It’s Hard to Beat Cruises for Value and Experience (Part I)

5 min readMar 12, 2021


Deel cruises part 1

By Dr. Gary L. Deel
Faculty Director, Wallace E. Boston School of Business, American Public University

This is the first article in a two-part series on the superiority of cruise ship vacations over other vacation travel options.

My wife and I both love to travel. We take lots of vacations — or at least we did before the COVID-19 pandemic. And we plan to continue after the vaccines reach worldwide distribution and it’s safe to do so again. One thing we’ve learned through many vacations across many different modalities is that it’s really hard to beat cruises for the overall value and experience.

So in this article, I want to lay out a bulletproof argument for why cruises beat the pants off other vacation travel options. We’ll look at a comparison between road travel (by car), air travel (by plane), and ocean travel (by cruise ship) and look at how they stack up across three simple but critical variables — time, comfort, and cost.

The Pros and Cons of Road Travel

Our family takes plenty of trips by car, which can be fun. But these trips are not without serious disadvantages.

Time — Unless you’re headed someplace nearby, car trips tend to take forever. For example, I live in Central Florida. If I want to visit my grandfather in Philadelphia, I could either take a two-and-a-half-hour plane ride, or drive 15 hours up the Eastern seaboard. And that’s assuming I don’t hit any traffic.

Of course, even with perfect conditions that is still too much driving to safely do in one day, which means I have to split it into at least two days. That means I’ll lose not only the actual drive time but also the time spent resting in between.

Comfort — Let’s face it — road trips are only exciting for about the first hour. After that, they’re an endless monotony of mile markers, gas fill-ups, bathroom breaks, and the common phrase (especially with kids): “Are we there yet?”

Perhaps the worst part is that it’s hard to enjoy the time along the way. Sure, passengers can do puzzles or play games or watch movies, but it’s impossible for the driver to participate, which means someone is always being left out. Then there’s the weariness and fatigue that comes with so many miles on the road and the way even the most comfortable car seats get gradually less so over time.

Costs — There is a lot of variability to the costs of car travel. It depends on how far you’re going, what car you’re driving, how much traffic you hit, how many tolls there are and a host of other factors. With gas prices on a never-ending rollercoaster, it’s hard to predict what a road trip might cost you ahead of time, but even in the best case scenario it likely won’t be cheap.

The Pros and Cons of Air Travel

Trips by plane, on the other hand, are economical in some ways but excruciating in others.

Time — Air travel is great because you can get where we’re going much more quickly. But “quickly” here is a relative term. Sure, if you’re traveling from Orlando to Atlanta, one hour by plane beats the heck out of six hours by car.

But for long international trips, the time in-air can be painfully long. I took a trip to visit the Shaolin Temple and study kung fu in China several years ago. It took about 22 hours’ worth of air travel to get there, and those flights were some of the most miserable experiences of my life.

Comfort — Plane flights, regardless of their time and distance, are made so much worse by the fact that plane cabins seem to be almost engineered with the aim of being as uncomfortable as possible. I’m 6 foot 2 inches tall, and roughly 200 lbs. I’ve traveled by plane a lot, both for business and pleasure.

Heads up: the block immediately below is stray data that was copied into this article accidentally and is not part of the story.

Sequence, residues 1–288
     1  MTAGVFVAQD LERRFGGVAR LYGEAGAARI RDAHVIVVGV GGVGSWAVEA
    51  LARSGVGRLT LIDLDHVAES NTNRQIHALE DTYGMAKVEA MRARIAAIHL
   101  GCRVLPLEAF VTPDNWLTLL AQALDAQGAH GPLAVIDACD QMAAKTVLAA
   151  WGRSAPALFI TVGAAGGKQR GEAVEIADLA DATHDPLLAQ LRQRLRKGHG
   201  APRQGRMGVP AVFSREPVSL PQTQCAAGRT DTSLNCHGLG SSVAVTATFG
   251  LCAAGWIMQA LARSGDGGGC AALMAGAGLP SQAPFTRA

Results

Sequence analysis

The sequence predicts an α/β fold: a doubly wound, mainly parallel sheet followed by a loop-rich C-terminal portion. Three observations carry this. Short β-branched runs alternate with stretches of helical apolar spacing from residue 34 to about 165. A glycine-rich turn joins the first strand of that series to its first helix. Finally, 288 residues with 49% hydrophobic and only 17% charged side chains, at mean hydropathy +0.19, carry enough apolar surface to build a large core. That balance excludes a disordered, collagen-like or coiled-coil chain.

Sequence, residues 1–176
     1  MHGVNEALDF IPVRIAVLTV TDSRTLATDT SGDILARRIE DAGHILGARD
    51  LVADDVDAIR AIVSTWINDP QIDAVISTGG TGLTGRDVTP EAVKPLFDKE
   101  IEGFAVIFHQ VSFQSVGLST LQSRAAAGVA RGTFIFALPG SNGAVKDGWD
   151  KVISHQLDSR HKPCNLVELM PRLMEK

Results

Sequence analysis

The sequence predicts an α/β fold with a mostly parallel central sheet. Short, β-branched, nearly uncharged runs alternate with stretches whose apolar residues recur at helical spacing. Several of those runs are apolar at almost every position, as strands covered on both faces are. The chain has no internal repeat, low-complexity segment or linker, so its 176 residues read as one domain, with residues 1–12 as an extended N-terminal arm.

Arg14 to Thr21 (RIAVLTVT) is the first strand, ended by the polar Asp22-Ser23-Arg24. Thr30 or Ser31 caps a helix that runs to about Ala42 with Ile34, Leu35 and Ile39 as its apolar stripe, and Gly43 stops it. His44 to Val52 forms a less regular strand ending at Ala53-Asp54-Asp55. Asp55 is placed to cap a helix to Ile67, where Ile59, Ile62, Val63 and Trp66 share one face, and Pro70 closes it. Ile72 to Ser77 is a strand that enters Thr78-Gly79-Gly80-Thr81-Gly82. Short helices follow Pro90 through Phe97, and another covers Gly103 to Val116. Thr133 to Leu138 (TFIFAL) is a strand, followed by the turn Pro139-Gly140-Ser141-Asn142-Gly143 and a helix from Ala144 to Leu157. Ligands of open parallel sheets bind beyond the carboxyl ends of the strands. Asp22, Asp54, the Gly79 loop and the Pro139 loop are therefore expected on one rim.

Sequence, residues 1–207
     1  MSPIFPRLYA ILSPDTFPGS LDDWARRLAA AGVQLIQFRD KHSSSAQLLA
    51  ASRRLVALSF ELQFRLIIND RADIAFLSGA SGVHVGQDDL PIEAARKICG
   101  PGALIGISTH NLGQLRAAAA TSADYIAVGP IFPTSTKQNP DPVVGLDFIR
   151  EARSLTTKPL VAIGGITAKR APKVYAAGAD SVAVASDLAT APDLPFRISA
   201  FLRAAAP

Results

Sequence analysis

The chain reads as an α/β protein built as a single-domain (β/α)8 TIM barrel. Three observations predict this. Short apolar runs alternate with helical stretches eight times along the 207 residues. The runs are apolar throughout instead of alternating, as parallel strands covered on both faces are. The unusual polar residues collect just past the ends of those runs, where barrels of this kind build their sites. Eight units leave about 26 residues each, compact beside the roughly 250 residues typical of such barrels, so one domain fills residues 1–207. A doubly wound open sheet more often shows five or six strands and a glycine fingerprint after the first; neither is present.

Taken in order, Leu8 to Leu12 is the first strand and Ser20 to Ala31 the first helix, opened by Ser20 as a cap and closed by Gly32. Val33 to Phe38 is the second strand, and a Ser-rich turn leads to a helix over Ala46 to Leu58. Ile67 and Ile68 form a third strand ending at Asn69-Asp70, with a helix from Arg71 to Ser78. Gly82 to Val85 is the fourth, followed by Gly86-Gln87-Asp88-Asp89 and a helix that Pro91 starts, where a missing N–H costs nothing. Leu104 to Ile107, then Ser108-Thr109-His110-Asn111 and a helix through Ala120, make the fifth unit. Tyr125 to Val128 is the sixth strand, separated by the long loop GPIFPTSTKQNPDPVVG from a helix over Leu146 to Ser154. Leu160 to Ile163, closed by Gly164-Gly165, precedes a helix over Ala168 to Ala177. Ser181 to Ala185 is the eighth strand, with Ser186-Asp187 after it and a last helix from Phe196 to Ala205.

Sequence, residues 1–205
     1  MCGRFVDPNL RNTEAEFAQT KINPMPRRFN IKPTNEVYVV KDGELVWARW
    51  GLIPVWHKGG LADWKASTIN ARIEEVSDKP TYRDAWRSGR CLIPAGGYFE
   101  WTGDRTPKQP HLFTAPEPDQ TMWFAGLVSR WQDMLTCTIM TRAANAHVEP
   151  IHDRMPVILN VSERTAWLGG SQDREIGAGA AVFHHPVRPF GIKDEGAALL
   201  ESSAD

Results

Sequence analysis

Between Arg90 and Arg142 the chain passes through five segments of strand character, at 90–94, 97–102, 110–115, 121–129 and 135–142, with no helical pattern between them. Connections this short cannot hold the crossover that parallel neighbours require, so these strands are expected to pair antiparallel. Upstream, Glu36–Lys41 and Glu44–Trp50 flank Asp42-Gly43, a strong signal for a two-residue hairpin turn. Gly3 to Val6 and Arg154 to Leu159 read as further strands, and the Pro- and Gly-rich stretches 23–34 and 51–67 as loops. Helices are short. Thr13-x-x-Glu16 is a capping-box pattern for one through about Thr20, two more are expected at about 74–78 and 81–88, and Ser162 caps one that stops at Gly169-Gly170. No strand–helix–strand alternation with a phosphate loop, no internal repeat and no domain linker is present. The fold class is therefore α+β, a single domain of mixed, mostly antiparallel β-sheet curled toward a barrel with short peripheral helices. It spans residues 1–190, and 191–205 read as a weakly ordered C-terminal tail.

I have yet to find a standard airline passenger cabin that simply allows for enough room for my legs and arms, let alone one that is genuinely comfortable. At least car manufacturers make a good faith attempt at comfort, even if they sometimes fall short.

It took us 15 hours to cross the Pacific Ocean on my trip to China and I was crammed in an economy middle seat the entire time. Trust me when I say that kind of experience is enough to prematurely spoil even the most thrilling destination one might be en route to.

Time spent on a plane could arguably be productive or even enjoyable if you’re comfortable and you have access to the internet or movies. But the fact that it’s nearly impossible to get comfortable in the first place — at least for me and for many others with whom I’ve spoken about this topic — makes the prospect of using the time profitably a moot point.

Now, I know what you’re thinking. “Well Gary…you could have reserved a first-class or business class seat; that would have been much more comfortable for you.” And that brings me to my final criticism.

Cost — Airline seats can be extremely economical, if you’re willing to fly with low-cost leaders like Spirit or Southwest, and if you’re willing to forego the luxuries of a first-class or business class seat. If those comforts are necessary, then the value very quickly vanishes.

When I went to China, my trip to the other side of the world was over $1,000 for a one-way coach seat. The same trip in a first class or business class seat would have been well into the five figures. Suffice to say, with air travel, value-oriented options mean intolerable discomfort, and comfortable options mean untenable cost.

In the second part of this article series, I’ll explain why I think cruise vacations are superior to both car and air travel.

About the Author

Dr. Gary Deel is a Faculty Director with the School of Business at American Public University. He holds a J.D. in Law and a Ph.D. in Hospitality/Business Management. Gary teaches human resources and employment law classes for American Public University, the University of Central Florida, Colorado State University and others.




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